Nerdy Dublin, A Tourist’s Guide: Part 1

We’ve got a new author and a new feature on the blog. Lynn O’Reilly is going to be taking us on a tour of Dublin with her Nerdy Dublin guides. As time goes on, we’re also going to be adding all the sites, images and links that she and our other authors create – how exciting!


So, you’ve come to visit Dublin, but aren’t able to attend any of our book, comic, anime or gaming conventions. Or maybe you ARE attending a convention, but want to extend the fun beyond the convention itself. You’re in need of a directory of all the comic book stores and hangouts in the city… Well, we’ve got you covered! In this series of blog posts, we’ll show you some noteworthy places in Dublin City Centre’s nerd scene. This week, we’re going to look for…


If  you’re looking for a place that specializes purely in comic books, Sub City Comics is the place for you. It’s located on Dame Street, which is down the road from Trinity College and nearby Temple Bar, if you’re planning on hitting some tourist spots on the same day! If you have enough wiggle room in your schedule to choose what day you visit the shop, it might be good to note that they get new imports from the US of A every Wednesday.


The staff are friendly and knowledgeable, so if you’re in a hurry and can’t find what you’re looking for (like me when I walk in on my lunch break!) they’ll be able to help you. If you still haven’t gotten your fill and want a another similar shop, Dublin City Comics is another option, located on Bolton Street. For those staying outside of the city centre, there’s also Big Bang Comics in Dundrum, who’ve recently gotten a massive (and awesome) makeover.

On the other hand, if your holiday is short and you need to get all your bits and bobs in one fell swoop, you may consider going to Forbidden Planet. It’s a large shop located on Crampton Quay, which as a tourist you can find easily enough due to it’s proximity to the Merchant’s Arch end of the Ha’penny Bridge. On the upper level, you’ll find a large selection of comics, which are stocked up every Wednesday – the shop’s New Comic Book Day:

But what if you have enough Marvel comics (is that even possible?) and want to bring back something you wouldn’t find at home? Wander downstairs and you’ll find comics made by Irish writers and artists, such as Hound , created by Paul Bolger. There’s even some comics written in the Irish language, such as An Sclábhaí (“the slave”), with artwork by Tomm Moore (director at Cartoon Saloon). But we’d give you a warning for your wallet’s sake – when you walk into this shop, you may or may not get distracted by all the shiney and fluffy merchandise (we’ll discuss all these wonderful things in another installment).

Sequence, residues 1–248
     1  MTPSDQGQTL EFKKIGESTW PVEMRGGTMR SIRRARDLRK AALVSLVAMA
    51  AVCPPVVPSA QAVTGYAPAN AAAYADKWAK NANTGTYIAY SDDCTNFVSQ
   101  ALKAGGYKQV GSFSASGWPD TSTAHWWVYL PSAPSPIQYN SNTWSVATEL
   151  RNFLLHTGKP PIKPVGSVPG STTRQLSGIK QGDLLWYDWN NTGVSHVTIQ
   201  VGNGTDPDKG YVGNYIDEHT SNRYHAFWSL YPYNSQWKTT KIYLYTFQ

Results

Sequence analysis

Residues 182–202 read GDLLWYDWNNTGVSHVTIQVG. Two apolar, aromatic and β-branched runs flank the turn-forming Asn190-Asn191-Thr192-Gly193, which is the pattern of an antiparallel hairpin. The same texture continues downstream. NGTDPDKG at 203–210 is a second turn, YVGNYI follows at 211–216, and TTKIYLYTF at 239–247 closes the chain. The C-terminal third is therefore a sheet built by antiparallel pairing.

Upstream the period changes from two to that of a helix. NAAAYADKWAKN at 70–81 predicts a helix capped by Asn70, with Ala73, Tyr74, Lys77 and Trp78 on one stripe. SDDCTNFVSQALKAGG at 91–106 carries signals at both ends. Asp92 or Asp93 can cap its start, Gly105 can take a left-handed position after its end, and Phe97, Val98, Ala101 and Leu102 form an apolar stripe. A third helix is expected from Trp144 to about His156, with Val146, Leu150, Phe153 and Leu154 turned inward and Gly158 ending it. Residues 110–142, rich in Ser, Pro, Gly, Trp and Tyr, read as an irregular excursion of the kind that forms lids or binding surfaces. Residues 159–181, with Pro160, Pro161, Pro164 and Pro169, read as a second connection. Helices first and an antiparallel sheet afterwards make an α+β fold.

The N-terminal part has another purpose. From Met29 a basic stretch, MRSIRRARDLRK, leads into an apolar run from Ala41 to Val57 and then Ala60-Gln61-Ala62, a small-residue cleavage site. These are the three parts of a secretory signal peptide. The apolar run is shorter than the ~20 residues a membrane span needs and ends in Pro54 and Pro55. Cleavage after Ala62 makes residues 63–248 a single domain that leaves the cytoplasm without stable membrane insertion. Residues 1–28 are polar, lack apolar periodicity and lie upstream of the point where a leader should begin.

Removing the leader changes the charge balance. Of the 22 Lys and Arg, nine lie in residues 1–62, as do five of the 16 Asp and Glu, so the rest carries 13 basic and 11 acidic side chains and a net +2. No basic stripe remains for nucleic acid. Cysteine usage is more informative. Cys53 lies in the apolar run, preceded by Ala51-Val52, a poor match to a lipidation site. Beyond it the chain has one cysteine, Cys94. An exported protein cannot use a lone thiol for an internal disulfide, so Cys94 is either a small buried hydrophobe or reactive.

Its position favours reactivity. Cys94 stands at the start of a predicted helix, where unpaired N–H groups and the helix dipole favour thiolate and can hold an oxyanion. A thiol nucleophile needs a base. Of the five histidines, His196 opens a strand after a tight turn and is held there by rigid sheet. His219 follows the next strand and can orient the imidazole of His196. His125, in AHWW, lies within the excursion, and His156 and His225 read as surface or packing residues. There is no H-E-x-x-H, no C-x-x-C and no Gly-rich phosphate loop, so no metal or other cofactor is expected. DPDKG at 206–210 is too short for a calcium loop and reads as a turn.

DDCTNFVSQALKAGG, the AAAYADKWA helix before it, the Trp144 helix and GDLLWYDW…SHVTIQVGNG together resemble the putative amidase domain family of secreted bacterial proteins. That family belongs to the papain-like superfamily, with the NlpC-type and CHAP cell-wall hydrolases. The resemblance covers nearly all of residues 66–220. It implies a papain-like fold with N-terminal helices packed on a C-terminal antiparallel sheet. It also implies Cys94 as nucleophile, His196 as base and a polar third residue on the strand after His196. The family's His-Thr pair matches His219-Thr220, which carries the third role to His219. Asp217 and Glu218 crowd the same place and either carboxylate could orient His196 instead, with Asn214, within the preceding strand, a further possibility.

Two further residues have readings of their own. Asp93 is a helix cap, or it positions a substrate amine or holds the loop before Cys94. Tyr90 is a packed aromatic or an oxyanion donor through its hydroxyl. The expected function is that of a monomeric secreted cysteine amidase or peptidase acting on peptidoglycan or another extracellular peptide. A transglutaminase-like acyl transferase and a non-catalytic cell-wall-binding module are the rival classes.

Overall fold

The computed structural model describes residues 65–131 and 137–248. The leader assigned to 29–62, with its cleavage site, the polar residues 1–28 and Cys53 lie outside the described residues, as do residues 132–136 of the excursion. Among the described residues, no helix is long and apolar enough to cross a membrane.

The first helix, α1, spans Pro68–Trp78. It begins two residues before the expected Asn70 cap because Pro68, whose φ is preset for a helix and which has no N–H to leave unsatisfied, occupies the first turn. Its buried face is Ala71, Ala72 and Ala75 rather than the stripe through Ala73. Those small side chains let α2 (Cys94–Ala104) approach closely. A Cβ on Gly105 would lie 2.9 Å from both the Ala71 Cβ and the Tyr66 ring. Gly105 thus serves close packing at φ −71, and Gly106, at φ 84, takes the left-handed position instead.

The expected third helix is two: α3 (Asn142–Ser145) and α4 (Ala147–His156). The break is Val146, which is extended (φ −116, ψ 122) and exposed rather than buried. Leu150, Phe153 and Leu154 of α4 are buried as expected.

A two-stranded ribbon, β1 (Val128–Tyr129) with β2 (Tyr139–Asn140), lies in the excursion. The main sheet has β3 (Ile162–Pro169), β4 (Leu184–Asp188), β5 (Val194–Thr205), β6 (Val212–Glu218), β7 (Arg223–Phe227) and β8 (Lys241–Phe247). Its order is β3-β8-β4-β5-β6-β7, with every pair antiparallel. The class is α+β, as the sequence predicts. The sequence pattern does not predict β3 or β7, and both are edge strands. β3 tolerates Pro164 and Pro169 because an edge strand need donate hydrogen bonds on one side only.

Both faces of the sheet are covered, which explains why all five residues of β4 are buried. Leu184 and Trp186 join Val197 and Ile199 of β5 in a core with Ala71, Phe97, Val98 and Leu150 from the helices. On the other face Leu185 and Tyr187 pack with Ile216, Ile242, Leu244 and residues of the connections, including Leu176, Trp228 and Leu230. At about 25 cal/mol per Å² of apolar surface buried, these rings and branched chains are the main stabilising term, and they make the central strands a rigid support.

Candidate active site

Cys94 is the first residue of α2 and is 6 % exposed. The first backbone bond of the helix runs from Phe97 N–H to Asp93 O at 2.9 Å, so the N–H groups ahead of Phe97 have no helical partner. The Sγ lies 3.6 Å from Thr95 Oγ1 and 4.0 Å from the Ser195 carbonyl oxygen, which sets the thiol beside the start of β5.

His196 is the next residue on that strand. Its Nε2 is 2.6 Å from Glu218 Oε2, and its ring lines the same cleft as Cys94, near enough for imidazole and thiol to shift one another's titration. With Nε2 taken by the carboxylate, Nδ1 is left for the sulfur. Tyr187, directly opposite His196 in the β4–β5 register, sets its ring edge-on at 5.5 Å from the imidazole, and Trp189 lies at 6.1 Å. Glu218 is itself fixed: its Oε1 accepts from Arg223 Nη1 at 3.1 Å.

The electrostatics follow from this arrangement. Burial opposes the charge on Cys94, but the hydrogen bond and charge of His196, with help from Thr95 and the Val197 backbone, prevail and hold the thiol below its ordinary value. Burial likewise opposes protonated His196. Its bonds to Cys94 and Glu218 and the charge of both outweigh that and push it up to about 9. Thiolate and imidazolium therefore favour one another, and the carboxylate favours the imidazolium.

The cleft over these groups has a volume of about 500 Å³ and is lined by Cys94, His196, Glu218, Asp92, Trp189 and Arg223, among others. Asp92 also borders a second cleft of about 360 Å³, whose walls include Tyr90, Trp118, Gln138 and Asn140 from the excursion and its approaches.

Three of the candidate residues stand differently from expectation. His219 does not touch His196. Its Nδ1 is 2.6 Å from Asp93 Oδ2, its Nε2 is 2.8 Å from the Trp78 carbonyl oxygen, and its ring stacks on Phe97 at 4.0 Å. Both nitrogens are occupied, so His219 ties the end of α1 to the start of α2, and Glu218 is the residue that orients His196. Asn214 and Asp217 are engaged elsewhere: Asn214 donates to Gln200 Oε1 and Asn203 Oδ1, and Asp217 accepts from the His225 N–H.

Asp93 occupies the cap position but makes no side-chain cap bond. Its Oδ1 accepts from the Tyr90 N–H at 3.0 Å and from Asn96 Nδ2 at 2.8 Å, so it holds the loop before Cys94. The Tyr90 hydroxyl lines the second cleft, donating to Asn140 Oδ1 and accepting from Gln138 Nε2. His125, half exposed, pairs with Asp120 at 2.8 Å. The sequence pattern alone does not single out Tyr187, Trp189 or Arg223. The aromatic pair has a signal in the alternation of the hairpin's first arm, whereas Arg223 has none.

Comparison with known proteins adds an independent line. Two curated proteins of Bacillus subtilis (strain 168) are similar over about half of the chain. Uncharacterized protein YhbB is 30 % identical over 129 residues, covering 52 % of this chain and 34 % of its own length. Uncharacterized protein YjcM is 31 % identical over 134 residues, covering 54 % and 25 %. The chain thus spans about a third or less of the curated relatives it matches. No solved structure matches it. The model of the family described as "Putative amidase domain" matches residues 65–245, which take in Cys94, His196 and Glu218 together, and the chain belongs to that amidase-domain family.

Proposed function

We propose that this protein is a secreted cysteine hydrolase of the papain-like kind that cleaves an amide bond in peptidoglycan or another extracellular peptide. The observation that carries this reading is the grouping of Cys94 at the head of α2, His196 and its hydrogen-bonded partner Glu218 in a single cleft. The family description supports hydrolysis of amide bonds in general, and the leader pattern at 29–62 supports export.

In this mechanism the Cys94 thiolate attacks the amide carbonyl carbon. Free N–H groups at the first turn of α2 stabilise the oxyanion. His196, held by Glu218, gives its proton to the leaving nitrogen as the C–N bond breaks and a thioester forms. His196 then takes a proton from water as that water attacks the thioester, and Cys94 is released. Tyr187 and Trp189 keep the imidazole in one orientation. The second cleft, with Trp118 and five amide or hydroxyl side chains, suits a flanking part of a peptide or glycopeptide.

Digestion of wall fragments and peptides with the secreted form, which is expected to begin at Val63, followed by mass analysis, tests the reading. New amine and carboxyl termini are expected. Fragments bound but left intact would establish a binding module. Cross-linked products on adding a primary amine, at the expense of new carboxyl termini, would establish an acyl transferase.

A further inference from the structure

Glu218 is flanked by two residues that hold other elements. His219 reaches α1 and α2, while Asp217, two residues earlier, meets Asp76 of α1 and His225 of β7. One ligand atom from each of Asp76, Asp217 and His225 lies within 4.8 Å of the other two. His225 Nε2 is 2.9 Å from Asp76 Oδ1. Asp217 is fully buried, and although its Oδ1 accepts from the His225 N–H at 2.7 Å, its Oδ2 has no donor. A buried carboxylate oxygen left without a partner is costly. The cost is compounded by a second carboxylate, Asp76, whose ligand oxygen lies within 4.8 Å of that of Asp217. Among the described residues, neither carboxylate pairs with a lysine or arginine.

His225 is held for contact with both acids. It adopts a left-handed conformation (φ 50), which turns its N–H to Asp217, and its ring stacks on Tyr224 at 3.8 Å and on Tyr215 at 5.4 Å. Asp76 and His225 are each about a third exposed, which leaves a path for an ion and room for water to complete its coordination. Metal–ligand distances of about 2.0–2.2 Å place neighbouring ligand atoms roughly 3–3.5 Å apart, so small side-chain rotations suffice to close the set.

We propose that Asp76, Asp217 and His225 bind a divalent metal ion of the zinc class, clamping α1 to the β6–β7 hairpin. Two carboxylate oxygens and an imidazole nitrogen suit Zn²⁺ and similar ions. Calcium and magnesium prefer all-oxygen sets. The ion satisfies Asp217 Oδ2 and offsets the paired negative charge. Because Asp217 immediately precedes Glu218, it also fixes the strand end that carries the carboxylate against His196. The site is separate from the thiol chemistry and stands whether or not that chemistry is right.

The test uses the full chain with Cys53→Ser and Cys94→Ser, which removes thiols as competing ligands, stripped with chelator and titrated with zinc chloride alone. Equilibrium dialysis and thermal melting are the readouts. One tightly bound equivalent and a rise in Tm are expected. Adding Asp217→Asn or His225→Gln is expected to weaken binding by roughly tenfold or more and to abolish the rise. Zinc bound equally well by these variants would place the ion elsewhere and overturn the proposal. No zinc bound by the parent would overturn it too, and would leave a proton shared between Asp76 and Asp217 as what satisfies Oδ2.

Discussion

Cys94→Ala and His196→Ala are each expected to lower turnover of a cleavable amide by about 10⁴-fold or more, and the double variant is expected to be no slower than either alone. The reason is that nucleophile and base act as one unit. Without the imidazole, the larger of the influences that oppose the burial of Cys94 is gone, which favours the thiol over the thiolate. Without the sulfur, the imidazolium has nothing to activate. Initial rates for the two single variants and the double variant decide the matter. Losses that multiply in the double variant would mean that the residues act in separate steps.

Other Irish comic names you should look for while you’re visiting these comic books shops include Maura McHugh, Will Sliney, Michael Carroll and Jordie Bellaire (An American artist who resides here on the Emerald Isle). If you want to delve more into Irish comic names, check out Irish Comics Wikia.

If comics aren’t your forte, head downstairs, where you’ll find more reading material: shelves upon shelves of manga (which, as far as I know as of the writing of this article, often have a deal on them), plus a nice chunk of fantasy & scifi books. And of course a sale bin for all of the above! If you’re a film-and-animation nerd, like myself, you’ll be coveting the artbooks and magazines. Just leave me on this floor whispering “so pretty…!” for a few minutes (or hours).

For a wider spectrum of reading material, head to shops like Hodges & Figgs on Dawson Street, or Chapters on Parnell Street; they are Dublin’s book-heaven! Beyond the usual bookshop stock, which is wonderfully large enough as it is (let’s be honest, you’ll probably find me buried in the fantasy and sci-fi shelves, breathing in the new book smell), these shops have sections dedicated to graphic novels, manga, and some comics thrown in for good measure. On one of the upper floors of Hodges & Figgs, or the back of Chapters, you’ll find a large range of books on art, film, photography, and other media. Are you a student? Don’t forget to bring along your student ID and Chapters will give you a discount! (In fact, do as I do and bring your student card EVERYWHERE and always ask if they can give you a discount). If you’re looking for something a little more Irish, they have sections dedicated to Irish literature and authors.

If you’re looking for smaller, independent bookshop experiences, try places like Books Upstairs (with an entire ground floor dedicated to Irish literature, and with a quiet little cafe on the top floor); Gutterbookshop (who run events regularly, and are conveniently placed in Temple Bar); and The Winding Stair (which has the combined superpowers of a bookshop, cafe and a highly rated restaurant).

Thanks to the recent popularity of superhero films, you can also find comic books and graphic novels in Ireland’s bookshop chain, Easons – though this is mainly in their flagship branches such as on O’Connell Street. Be prepared to only find those comics that HAVE been made into films, such as Suicide Squad, The Avengers and Deadpool. If you’re looking for novels and the like, though, there’s plenty of branches of this shop all over the city. Maybe not one of every corner like Starbucks, but still, plenty!


If you’ve been to Dublin before, what’s your favourite comic/book shop place to visit? If you’re a Dubliner yourself, got any tips on finding the best deal? If you have any additional recommendations, let us know!